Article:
“Well, I’ve heard a lot of lovely things about you. I really have. Everybody loves you,” Reem told Ron when he arrived on the Edge of Extinction after becoming the 17 millionth member of the Survivor jury. When he said he’d lied frequently, Reem replied, “It’s a game. Everybody’s a liar.”
Reem wins the quip game once again, but what’s so fascinating to me is that her version of Ron—told to her by everyone who’s been voted out—is not the version we’ve been seeing, at least not since his tribe was just dancing around camp since they were so bored from winning.
Nearly every confessional with Ron is him talking about some duplicity, and it’s usually contrasted with him saying or doing the opposite. This could be framed as strategic game play, but it’s coming off as if Survivor wants us to imagine him a sociopath.
We did see him literally carry Julie after she stepped down off the immunity challenge, unable to walk, so that was nice. But when else have we seen him be “lovely,” to use Reem’s words?
Compare how he’s being presented with Rick Devens, who’s constantly on the wrong side of votes and even got voted out of the game, yet is getting a hero’s edit week after week, as if he’s just the most genius player.
The editing is infatuated with him! And that attention makes some sense: Devens is a performer, and as someone who’s well-practiced being in front of a camera, he’s using his talents. Also, the jury seems wildly amused by him, so he has fans outside of Survivor’s edit bays.
Unlike other players who get ignored, Devens gets little episodes inside episodes. Tonight, he was first a victim and then the hero. After Lauren told Aurora to go through Devens’ bag to see if he had an advantage, and Devens walked in during it, she said, “It’s allowed in the game.” He replied, “I know it’s allowed.”
Everyone was against him—even the person pretending to be his friend (Ron, of course).
But Rick did find an actual immunity idol clue, learning it was hidden at camp in a tree. He talked himself out of getting it while everyone could see him, and instead retrieved it when the rest of the tribe was sleeping. That scene that was quite dramatic: The shelter was attached to the tree he was climbing, so it kept making noise and waking people up. But Rick Devens succeeded. “They searched my bag too soon,” he laughed.
His performance at Tribal Council was also quite a moment: He first played the expired advantage Ron gave him (an attempt to win Devens over after Devens was once again left in the dark about a vote last week), and seemed to know that it was worthless.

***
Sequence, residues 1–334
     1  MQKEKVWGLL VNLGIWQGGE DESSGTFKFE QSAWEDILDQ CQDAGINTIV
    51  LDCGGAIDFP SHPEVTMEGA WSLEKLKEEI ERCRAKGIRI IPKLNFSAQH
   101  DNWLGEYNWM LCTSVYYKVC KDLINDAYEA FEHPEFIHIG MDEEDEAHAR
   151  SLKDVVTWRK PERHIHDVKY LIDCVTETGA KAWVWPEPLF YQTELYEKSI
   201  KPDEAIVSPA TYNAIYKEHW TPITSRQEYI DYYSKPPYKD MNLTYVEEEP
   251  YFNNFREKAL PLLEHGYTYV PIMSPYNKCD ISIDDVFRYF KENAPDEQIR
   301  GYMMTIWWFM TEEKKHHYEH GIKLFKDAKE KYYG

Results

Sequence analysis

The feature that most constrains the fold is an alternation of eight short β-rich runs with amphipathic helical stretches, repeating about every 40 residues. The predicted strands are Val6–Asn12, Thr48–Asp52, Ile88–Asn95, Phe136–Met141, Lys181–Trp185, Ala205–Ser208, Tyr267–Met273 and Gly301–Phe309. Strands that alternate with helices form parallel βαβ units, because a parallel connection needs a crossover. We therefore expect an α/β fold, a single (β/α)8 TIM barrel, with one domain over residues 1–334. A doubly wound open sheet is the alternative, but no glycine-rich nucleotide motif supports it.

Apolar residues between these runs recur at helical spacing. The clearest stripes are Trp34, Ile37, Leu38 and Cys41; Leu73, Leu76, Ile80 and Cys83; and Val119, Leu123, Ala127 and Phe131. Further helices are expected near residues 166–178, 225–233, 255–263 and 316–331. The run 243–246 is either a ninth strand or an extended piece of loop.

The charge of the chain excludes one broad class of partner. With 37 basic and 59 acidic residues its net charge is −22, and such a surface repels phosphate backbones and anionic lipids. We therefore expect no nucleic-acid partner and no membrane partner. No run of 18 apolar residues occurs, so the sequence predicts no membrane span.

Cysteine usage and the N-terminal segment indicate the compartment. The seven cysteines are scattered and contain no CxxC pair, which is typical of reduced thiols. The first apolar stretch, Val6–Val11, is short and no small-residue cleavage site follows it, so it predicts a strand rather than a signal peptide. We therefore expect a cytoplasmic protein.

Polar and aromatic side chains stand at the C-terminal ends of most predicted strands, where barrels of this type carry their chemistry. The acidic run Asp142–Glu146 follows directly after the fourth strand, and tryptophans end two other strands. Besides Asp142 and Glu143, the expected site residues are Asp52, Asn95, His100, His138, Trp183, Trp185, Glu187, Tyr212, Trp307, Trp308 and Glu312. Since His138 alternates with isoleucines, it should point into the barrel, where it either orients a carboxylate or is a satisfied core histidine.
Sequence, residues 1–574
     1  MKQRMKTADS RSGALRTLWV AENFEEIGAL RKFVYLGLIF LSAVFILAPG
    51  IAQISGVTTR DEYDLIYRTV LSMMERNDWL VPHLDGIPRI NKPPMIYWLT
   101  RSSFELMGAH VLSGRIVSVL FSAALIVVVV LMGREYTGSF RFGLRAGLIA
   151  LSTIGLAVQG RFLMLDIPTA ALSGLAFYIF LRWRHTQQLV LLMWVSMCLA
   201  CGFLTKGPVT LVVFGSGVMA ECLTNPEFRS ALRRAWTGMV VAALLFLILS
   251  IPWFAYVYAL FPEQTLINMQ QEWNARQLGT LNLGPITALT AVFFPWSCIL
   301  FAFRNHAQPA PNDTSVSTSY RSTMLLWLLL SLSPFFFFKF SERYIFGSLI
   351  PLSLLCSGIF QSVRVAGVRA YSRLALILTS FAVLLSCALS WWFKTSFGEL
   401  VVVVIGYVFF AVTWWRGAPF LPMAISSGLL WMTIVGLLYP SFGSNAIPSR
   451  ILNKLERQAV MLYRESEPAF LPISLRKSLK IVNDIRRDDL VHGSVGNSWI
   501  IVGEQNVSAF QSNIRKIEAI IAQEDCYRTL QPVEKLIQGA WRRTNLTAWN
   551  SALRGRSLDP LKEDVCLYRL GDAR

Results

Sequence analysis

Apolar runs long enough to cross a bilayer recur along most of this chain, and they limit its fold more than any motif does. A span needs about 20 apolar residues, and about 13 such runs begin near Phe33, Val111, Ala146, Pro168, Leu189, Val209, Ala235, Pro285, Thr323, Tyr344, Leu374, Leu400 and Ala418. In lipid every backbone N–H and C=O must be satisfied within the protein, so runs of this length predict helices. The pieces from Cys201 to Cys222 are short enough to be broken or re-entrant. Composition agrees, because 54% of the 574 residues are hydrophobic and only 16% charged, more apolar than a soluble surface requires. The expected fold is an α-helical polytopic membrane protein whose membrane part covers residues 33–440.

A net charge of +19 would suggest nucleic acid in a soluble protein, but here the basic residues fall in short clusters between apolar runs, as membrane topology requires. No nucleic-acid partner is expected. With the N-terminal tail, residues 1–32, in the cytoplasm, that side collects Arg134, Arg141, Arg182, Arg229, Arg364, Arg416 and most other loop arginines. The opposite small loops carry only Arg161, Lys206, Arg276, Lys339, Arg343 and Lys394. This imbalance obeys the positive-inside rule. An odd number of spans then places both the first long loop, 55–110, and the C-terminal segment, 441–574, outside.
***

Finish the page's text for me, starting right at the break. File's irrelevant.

In what seemed quite planned and rehearsed, Devens then said, “Ron and Julie, you are villains. I was already going home. You just wanted to make me look stupid? So my kids think I’m an idiot?” He walked back to his seat, and then perked up: “Except you’ve proven time and time again that you’re untrustworthy and disloyal.”
That’s when he played his idol, nullifying votes against him and sending Ron home.
But guess whose idea voting out Ron was? Not Rick Devens!
Devens was once again completely disconnected from every other person’s plan: He voted for Aurora, who Ron told him to vote for. Everyone else split votes between Rick and Ron.
Although they didn’t put on a performance at Tribal Councl, this was Lauren and Victoria’s plan. It was augmented (unnecessarily, it turned out) by Aurora giving her extra vote to Gavin—the only person who could certainly revote in the event of a tie.
It was a smart and strong plan, but the showboating at Tribal got more attention than the strategy that actually took Ron out.
While I was once entertained by The Rick Show, it’s getting as tiresome as the Jeff Probst Show: Loved Ones Visit Edition.
I will actually skip my usual complaints about the Survivor loved ones visit, which I have detailed before, and also not dwell on the weirdly disturbing way in which Jeff Probst says “love,” because I am very happy about the reward challenge—and not just because I absolutely laughed out loud when Probst said to Ron, “Let’s see who married you.”
I was just so, so excited that the loved ones got to do something other than fly to Fiji to have their interaction with their loved ones narrated by Probst.
There was very little time in this episode—the usual lack of opening credits, of course, but not even footage of the cast walking into the immunity challenge, just an abrupt beginning—so the actual reward didn’t get much time to spend with Ron and his husband, Gavin and his wife, and Julie and her husband.
It did have time to remind us that Ron’s game involves duplicity, though, as he talked to his husband about his game play, and received encouragement to keep playing that way. That’s the attention the show gave, while the attention it gave to Gavin focused on the newness of his marriage, not his game play.
Even Probst’s joke about who’d marry Ron was essentially sand kicked in Ron’s face; even if that wasn’t a joke, in the context of all the other Ron-is-evil moments, that’s what it came across like to me. Is this just Survivor’s version of the evil gay person trope that pops up in fiction?
Or maybe it was just setting up the reason for his exit. But it also was just another reminder of the way this season is giving bizarrely lopsided—and, in Ron’s case, like so many others, one-note—attention to certain members of its cast.